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I previously asked the following question on stack overflow: create a scroll bar in a sidebar

here basically I am trying to create a sidebar. And in that sidebar, I want a header of unknown size and a footer of unknown size. And between the footer and header of the sidebar, I want a scrolling div containing a a long list of things. In the question above I was asking how to use css to make the scrolling div fill the space between the header and footer.

I got a lot of answers saying things like: "How can a selector know the height of another element? It is not what CSS are for."

Now my question is, why can't you do this is css? Why doesn't css allow you to set two divs to take up as much space as they need, and the div in-between fill the rest of the space? Is this not a common problem that needs to be solved?

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closed as not constructive by Álvaro G. Vicario, robertc, thirtydot, Quentin, Graviton Apr 12 '12 at 14:54

As it currently stands, this question is not a good fit for our Q&A format. We expect answers to be supported by facts, references, or expertise, but this question will likely solicit debate, arguments, polling, or extended discussion. If you feel that this question can be improved and possibly reopened, visit the help center for guidance. If this question can be reworded to fit the rules in the help center, please edit the question.

Sorry but asking why software X does not have feature Y can only lead to "opinion, debate, arguments, polling, or extended discussion" and that's not what Stack Overflow is for. –  Álvaro G. Vicario Apr 12 '12 at 9:31
Not in answer to your question–I have to agree with @ÁlvaroG.Vicario here–but to assist you with your aim for a sidebar, here's something that might get you started: jsfiddle.net/wBSPg –  Josh Davenport Apr 12 '12 at 9:38
@ÁlvaroG.Vicario, I am quite new to css, but I asked a question about how to do something in css and was told that that's not what css is for. I wasn't told that it's not possible in css, if that was the case, I would accept it. But I was told that this is not what css is for - I am asking why it would be philosophically wrong to use css for this purpose. –  dan Apr 12 '12 at 9:44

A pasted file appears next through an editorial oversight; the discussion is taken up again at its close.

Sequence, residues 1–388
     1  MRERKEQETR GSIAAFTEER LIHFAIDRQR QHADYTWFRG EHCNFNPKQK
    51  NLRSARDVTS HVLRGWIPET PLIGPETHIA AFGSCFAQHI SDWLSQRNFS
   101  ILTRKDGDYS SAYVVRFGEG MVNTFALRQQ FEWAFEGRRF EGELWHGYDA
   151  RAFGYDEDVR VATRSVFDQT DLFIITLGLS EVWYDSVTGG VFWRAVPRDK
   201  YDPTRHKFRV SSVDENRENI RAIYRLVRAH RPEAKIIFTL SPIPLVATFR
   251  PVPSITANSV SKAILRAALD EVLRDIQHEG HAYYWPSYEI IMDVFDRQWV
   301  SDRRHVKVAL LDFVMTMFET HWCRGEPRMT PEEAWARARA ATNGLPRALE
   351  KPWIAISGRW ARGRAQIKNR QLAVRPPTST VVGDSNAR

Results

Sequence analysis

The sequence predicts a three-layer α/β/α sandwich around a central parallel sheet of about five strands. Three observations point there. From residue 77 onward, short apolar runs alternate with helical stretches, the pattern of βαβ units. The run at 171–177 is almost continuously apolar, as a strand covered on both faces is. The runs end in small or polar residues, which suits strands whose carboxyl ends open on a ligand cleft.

You'd better ask to whoever said so—I find it a legit use case (you are using CSS to change the presentation). But there're many things that CSS should do and does not do; features just don't exist by default, someone needs to work on them. –  Álvaro G. Vicario Apr 12 '12 at 9:49

3 Answers 3

You can do it in CSS, it just isn't as supported as you'd hope. With the CSS calc function you can assign dynamic values just the way you described.

You'd remove the overflow: hidden from #sidebar, and assign a height with a calc function in #main, something similar to:

height: calc(100% - 30px);

The biggest downside to this is that calc isn't supported by all browsers, most significantly, the current stable version of Chrome. However, it is available in Chrome 19 (so it will be available soon) under webkit prefix. Similarly, it is under moz prefix on Firefox. IE9 has also support for it.

Example: http://jsfiddle.net/XGyHP/

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Breakdown of calc support: caniuse.com/#search=calc –  Josh Davenport Apr 12 '12 at 9:52

Yes, it is a common problem and as far as I know this is in the specs for future versions of CSS. As to why this is, I couldn't say.

Strangely, tables know how to do this ( http://jsfiddle.net/45YJE/ ) so there's probably not even a technical reason why this shouldn't work with divs. You'll just have to learn to live with it.

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How's this for you? I'm pretty sure it works in all browsers too.

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